Monday, April 11, 2011

Riyadh Tries a Neat Trick to Promote Its Counterrevolution

Behind the superficial news reports lie layers of maneuver and counter-maneuver, with innocent-sounding initiatives sometimes hiding ominous implications.

Democracy requires that officials take responsibility for their actions. For a leader to murder peaceful demonstrators day after day and finally accept a golden parachute to Saudi Arabia is not what I mean by “taking responsibility.” But of course the last thing politicians want is to establish a precedent for forcing them to take responsibility for their actions. Thus, we see the Gulf Cooperation Council offering Saleh a deal in which he will resign to, no doubt, a life of luxury, while his own deputy (!), presumably as only Number 2, a man completely innocent of any improper behavior or intent, a man who presumably never killed or ordered or permitted the death of any peaceful citizen expressing an opinion, smoothly slips into control. Such a deal would stab Yemenis directly in the back by dismissing calls for democracy while serving Riyadh’s counter-revolutionary interests perfectly by maintaining the old system in control.

My earlier question about the possibility that Riyadh would follow up its military move into hapless Bahrain with an invasion of Yemen has thus been given an initial response: recognizing that Yemen is a bit harder of a nut to crack than Bahrain, Riyadh has chosen a sneakier tactic for achieving the same counter-revolutionary result. Maybe their ability to do math is better than that of some other regional players and better now as a result of their blatant military move into Bahrain.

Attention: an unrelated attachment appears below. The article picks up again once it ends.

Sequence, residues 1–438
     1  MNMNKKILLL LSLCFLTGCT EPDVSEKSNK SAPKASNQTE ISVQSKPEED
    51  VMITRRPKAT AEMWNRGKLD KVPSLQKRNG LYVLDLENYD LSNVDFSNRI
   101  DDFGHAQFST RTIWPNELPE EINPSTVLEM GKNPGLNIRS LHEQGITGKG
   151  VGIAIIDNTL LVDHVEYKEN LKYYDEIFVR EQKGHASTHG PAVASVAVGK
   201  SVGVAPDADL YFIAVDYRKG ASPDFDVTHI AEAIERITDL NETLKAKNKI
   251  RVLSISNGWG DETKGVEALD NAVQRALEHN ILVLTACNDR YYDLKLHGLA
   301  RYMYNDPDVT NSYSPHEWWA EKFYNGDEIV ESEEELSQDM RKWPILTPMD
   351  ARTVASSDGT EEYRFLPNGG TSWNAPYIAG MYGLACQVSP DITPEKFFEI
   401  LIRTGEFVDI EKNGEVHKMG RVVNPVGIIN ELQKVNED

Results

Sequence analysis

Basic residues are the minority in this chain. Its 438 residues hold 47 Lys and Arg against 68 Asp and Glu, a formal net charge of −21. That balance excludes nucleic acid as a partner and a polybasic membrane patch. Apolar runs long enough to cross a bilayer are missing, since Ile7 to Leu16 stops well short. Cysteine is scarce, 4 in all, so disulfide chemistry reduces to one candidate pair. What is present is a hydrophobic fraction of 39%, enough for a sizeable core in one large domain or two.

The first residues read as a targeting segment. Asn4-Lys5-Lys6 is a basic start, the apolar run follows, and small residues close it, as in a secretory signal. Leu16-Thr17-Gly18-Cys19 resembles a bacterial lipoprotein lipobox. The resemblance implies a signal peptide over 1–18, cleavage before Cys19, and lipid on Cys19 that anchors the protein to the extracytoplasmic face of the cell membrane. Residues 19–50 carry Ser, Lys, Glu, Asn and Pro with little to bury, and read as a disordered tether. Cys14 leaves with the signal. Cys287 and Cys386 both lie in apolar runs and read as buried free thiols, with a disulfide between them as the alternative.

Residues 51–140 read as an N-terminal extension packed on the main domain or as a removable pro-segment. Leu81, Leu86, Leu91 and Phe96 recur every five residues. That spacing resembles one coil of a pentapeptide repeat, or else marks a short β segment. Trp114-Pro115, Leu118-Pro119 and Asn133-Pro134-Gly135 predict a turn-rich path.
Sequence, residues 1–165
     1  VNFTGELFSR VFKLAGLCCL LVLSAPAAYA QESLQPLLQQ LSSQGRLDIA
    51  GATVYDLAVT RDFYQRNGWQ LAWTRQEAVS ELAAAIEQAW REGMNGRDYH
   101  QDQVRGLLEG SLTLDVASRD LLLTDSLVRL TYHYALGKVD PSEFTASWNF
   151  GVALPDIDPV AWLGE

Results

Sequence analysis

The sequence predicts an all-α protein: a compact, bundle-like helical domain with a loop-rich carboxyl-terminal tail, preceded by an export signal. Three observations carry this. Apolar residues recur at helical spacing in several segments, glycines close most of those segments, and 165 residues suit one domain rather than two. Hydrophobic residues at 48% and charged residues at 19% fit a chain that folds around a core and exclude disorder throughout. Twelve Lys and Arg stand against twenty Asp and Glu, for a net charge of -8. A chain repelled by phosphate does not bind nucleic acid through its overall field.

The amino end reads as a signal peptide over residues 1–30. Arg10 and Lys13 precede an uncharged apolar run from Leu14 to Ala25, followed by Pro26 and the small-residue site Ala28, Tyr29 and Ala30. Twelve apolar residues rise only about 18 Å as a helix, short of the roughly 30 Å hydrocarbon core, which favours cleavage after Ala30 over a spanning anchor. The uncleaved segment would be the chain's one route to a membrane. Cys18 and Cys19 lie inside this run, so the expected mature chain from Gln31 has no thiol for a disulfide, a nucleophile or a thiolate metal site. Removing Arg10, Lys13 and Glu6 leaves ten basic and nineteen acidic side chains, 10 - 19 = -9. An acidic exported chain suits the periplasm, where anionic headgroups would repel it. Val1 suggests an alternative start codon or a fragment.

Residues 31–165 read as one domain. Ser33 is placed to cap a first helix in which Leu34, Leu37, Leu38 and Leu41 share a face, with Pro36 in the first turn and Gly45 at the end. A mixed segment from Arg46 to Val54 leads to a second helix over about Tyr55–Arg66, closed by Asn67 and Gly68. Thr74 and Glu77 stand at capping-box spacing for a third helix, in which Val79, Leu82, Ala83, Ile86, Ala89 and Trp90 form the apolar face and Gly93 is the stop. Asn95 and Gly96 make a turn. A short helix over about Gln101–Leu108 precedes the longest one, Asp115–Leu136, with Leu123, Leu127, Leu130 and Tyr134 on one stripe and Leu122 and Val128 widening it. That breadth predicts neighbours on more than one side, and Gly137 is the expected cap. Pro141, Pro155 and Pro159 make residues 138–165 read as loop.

Why anyone in Yemen would be mollified by seeing the dictator’s deputy replace the dictator is an open question. Whether or not Riyadh is holding its tanks in readiness for deployment is another. How the “new” Cairo, not to mention Tehran, might react to Saudi consolidation of influence in Yemen is a third. The shimmering mirage of a Mideast in which Riyadh finds itself essentially alone defending the old order, while Tehran, Ankara, and Cairo move forward into a new world of moderation and flexibility together, hovers faintly over the hot desert horizon.

Options for Washington:
  1. Stick with the devil you know and support Saudi efforts to preserve the Yemeni dictatorship at the risk of finding itself isolated with Israel and an unstable Saudi Arabia.
  2. Embrace the change that is already well under way, get on the right side of history, reject the out-dated zero-sum attitude that empowers so many extremists, and make a serious call for the Yemeni leadership group to be held responsible for violating fundamental principles of good governance.

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